The amount of composition used for conditioning a sludge is such that it generally corresponds to between 0.05 and 3 times and preferably between 0.1 and 2 times the amount of theoretical cationic charge necessary to neutralise the amount of cationic charge of the sludge to be treated; in other words, the amount of composition claimed is such that as an absolute value it has a cationicity generally equal to between 0.05 and 3 times and preferably between 0.1 and 2 times the anionicity of the sludge to be treated.
In general the compositions claimed are diluted before use. That dilution is more particularly necessary for the composition which occurs in the form of an invert emulsion obtained by mixing the invert emulsion of the mineral cation and that of the polyelectrolyte for transforming it into a direct emulsion. That phase inversion can also be implemented by adding a suitable surface active agent. In the case where the compositions are in the form of double emulsions the dilution operation on the other hand is optional.
The following Examples and Figures are set forth by way of non-limiting illustration of the invention.
FIG. 1: representation for composition A and for its constituents when added separately, of the evolution in the volume drained at the end of 2 minutes in dependence on the conditioning dose.
FIG. 2: representation for composition B and for its constituents when added separately, of the evolution in the volume drained at the end of 2 minutes in dependence on the conditioning dose.
FIG. 3: representation of the graph showing t/v in dependence on v for the composition A and its constituents when added separately.
FIG. 4: representation of the graph showing t/v in dependence on v for the composition B and its constituents when added separately.
Invert emulsion of copolymer acrylamide/diallyldialkylammonium chloride of a molecular weight of about 3.106, as 50% by weight, referred to hereinafter as ‘PAM emulsion’.
Copolymer acrylamide/diallyldimethylammonium chloride of molecular weight of about 3.106 in powder form.
Aquarhone 18® (solution of polyaluminum chloride marketed by Rhodia containing 4.56 moles of aluminum per kg−E.S=38.2%).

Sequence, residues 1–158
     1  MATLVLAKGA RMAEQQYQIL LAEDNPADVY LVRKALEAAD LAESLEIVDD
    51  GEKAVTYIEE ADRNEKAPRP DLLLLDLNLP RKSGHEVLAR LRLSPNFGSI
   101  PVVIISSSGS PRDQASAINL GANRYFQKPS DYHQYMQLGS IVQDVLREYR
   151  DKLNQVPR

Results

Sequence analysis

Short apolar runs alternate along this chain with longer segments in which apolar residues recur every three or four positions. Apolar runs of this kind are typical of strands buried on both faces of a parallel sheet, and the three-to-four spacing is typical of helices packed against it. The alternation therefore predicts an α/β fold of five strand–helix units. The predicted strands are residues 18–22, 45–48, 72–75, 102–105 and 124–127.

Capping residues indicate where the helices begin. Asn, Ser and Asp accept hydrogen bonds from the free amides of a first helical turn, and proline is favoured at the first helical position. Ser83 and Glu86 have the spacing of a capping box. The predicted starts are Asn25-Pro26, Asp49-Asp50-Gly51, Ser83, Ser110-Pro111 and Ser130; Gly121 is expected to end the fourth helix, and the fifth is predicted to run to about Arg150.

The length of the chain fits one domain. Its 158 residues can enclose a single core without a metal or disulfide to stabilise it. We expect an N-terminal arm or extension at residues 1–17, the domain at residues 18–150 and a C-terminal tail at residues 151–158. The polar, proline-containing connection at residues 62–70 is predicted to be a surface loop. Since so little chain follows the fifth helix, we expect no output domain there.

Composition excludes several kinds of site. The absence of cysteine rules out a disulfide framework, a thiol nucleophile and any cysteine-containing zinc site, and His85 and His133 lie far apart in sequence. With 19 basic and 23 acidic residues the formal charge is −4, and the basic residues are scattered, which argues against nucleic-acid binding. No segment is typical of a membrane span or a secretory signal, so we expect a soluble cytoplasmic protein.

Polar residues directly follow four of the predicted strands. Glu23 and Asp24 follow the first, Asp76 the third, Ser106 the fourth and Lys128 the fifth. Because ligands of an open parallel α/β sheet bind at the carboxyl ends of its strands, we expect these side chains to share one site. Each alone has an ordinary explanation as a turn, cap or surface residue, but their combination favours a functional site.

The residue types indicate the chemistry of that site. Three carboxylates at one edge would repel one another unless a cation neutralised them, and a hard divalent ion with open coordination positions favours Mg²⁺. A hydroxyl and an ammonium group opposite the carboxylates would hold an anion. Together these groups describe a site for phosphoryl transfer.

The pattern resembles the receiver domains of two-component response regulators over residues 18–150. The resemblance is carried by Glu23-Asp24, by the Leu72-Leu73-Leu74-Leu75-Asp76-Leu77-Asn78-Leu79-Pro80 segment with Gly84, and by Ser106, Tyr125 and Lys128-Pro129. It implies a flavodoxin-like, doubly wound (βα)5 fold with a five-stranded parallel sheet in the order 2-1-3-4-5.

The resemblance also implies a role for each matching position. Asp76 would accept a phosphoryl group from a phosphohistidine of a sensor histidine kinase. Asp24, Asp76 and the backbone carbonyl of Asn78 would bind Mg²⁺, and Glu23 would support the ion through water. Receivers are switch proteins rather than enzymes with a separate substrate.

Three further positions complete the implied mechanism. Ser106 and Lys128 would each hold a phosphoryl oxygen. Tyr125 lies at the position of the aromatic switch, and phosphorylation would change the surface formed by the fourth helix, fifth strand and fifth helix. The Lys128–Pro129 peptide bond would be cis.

Producing an invert emulsion of PAM.
Diallyidimethylammonium chloride of a molecular weight of about 3.106.
Taking 50 g of cationic polyacrylamide copolymer in the form of a powder, an invert emulsion is produced in a water/vaseline 1 g/47.4 g mixture using 1.6 g of a mixture of sorbitan monolaurate/sorbitan oleate S20/S80 88%/12% (that is to say the required HLB of 8 for vaseline).
Producing an invert emulsion of PAC.
a) A solution, Aquarhone 18®, is diluted with water (20 g of water for 50 g of Aqua 18).
b) 5% of surface active agent S80® is added to the vaseline oil (that is to say 2 g of S80 for 38 g of vaseline).
After passing b) for a period of 30 s in an utraturax at 8000 rpm, a) is progressively poured into b) for a period of about 5 minutes, still at the same speed. Addition is effected for one minute at a speed of 9500 rpm.
After storage for one week at 45° C., those emulsions whose size is less than 5 μm experience slight sedimentation (appearance of a small amount of supernatant oil). The whole thing however is fairly easily returned to solution by simple manual agitation.
Production of an invert PAC-PAM emulsion.
Using an ultraturax, 92.35 g of the PAC emulsion prepared in accordance with Example 2 and 7.6 g of the PAM emulsion prepared in accordance with Example 1 are mixed.
That then gives a fluid invert emulsion comprising by weight: 16.1% of PAC, 3.8% of PAM, 42.8% of water, 35.7% of oil and at least 1.6% of surface active agent.
The different tests carried out show that mixing using the ultraturax of the two invert emulsions obtained in accordance with the preceding Examples makes it possible to obtain an invert PAC-PAM emulsion whose behaviour in respect of stability is similar to the invert emulsions of PAC alone.
Inversion of a PAC-PAM emulsion preserved for 13 days and then re-homogenised is achieved after the addition of a surface active agent such as sorbitan monolaurate 200E Alkamuls (T20®) in water. As soon as that emulsion is direct again, the viscosity of the system increases greatly and demonstrates the formation of the gel polyacrylamide Al3+. That observation indicates limited diffusion of PAM or PAC between the drops of water during the storage period.
The two compounds are thus effectively separated within the invert emulsion, thus preserving for same a satisfactory level of fluidity.
Preparation of a double emulsion based on PAC and PAM.
This emulsion is prepared by mixing an aqueous solution of polyaluminium chloride (commercial solution Aquarhone 18®) and an invert PAM emulsion.